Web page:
For information on how to adopt or purchase a wild horse or burro, visit the Wild Horse and Burro Program page.
Wild burros have occupied the San Rafael Swell area since the beginning of the Old Spanish Trail in the early 1800s. Early travelers would lose animals or have them run off by early native American tribes or transient livestock rustlers. Many of these animals were headed for California to be traded or sold and were of good sound stock lineage. The herd was also augmented through the release of domestic burros from local ranches, and burros released after their use in local uranium mines were no longer necessary.
The dominant colors of the burros within the Herd Management Area are black and grey. The burros on this Herd Management Area are average in size ranging from 400 to 500 pounds.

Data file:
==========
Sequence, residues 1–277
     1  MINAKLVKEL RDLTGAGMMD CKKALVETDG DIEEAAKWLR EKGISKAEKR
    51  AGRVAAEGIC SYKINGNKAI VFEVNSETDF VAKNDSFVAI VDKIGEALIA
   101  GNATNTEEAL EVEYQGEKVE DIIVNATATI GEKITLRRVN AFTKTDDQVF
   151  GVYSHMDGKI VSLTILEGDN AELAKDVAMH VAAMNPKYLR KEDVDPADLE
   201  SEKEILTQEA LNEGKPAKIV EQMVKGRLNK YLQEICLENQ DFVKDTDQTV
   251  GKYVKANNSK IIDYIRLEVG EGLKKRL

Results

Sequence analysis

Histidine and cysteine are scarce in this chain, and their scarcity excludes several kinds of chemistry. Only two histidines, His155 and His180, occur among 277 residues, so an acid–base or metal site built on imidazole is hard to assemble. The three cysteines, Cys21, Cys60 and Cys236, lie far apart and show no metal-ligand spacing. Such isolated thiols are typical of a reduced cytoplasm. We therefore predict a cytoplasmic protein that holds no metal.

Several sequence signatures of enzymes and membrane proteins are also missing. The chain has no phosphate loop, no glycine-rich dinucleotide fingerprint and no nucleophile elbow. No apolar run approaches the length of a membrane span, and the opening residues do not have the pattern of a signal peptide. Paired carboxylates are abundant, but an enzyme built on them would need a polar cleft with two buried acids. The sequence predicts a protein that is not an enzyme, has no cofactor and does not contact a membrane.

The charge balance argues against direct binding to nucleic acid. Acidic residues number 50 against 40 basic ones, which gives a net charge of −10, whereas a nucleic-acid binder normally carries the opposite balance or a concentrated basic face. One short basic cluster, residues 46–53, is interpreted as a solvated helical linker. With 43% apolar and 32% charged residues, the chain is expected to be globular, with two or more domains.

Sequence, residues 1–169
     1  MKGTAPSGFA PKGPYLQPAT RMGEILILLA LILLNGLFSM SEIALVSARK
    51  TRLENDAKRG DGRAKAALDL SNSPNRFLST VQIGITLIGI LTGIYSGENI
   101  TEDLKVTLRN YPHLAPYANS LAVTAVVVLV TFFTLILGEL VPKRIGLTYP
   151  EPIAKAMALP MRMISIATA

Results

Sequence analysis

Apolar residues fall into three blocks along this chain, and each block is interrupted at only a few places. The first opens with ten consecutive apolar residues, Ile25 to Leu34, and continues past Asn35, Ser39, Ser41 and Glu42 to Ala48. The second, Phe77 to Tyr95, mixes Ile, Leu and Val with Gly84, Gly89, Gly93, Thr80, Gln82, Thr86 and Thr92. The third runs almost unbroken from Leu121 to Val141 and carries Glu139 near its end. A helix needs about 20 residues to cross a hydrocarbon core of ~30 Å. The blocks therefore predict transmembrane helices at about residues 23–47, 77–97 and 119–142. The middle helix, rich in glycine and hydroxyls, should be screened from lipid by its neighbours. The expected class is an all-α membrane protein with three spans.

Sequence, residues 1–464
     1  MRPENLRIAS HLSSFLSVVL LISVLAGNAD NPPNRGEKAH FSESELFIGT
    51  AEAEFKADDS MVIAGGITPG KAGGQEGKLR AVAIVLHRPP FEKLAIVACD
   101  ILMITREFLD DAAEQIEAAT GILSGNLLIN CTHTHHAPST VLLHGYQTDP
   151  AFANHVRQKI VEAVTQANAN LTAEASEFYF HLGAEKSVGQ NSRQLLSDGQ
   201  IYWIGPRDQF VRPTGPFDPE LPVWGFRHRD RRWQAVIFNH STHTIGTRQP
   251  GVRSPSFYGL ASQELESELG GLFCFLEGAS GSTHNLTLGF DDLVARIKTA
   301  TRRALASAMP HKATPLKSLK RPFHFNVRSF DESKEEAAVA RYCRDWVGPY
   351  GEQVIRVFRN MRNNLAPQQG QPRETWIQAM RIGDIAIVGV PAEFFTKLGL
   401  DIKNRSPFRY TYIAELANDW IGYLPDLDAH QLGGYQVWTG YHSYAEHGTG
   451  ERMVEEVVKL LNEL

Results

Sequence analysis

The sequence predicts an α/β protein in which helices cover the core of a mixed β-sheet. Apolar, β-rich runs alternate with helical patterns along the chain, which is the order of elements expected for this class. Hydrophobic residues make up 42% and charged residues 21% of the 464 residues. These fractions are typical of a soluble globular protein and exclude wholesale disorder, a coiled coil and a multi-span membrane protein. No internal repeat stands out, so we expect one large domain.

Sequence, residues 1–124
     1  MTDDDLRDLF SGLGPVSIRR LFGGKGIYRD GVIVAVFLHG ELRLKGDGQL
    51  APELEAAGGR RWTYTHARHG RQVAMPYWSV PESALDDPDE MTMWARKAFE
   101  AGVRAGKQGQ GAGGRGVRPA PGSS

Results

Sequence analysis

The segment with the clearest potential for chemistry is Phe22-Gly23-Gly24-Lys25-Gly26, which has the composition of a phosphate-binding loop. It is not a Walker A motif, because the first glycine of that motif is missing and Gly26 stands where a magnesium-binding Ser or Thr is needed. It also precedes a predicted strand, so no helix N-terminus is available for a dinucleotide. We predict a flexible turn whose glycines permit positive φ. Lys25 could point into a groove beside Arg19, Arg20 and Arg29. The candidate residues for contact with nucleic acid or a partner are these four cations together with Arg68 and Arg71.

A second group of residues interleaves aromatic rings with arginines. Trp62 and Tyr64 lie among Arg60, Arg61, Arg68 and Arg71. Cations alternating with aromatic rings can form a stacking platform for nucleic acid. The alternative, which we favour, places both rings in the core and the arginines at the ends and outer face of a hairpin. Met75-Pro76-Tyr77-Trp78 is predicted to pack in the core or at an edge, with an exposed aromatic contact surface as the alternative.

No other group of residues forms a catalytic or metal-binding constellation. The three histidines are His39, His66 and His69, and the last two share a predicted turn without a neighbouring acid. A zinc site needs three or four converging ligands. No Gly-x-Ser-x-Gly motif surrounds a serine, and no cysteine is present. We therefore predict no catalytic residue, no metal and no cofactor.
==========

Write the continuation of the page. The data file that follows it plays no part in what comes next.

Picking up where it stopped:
The Sinbad Herd Management Area is located 30 miles west of Green River. It extends up to 18 miles on both sides of l-70 from the San Rafael Reef to Eagle Canyon.
The Herd Management Area contains 89,465 acres of BLM lands and 9,776 acres of Federal, State, and privately owned land for a total of 99,241 acres.
The topography of the Herd Management Area is typical of the San Rafael Swell area, varying from extremely rough to level terrain on limestone benches. The steep sided mesas and deeply incised drainages in the northern and southeastern portions on the Herd Management Area create difficulties when gathering and removing excess burros. The wild burros primarily use the open benches and parks but do use wooded areas occasionally during inclement weather.